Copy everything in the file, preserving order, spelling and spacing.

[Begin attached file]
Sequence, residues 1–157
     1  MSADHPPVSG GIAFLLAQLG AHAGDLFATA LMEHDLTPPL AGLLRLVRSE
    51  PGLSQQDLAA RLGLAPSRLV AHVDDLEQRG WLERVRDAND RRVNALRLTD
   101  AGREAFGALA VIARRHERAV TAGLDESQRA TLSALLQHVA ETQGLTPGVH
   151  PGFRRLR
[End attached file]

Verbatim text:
Sequence, residues 1–157
     1  MSADHPPVSG GIAFLLAQLG AHAGDLFATA LMEHDLTPPL AGLLRLVRSE
    51  PGLSQQDLAA RLGLAPSRLV AHVDDLEQRG WLERVRDAND RRVNALRLTD
   101  AGREAFGALA VIARRHERAV TAGLDESQRA TLSALLQHVA ETQGLTPGVH
   151  PGFRRLR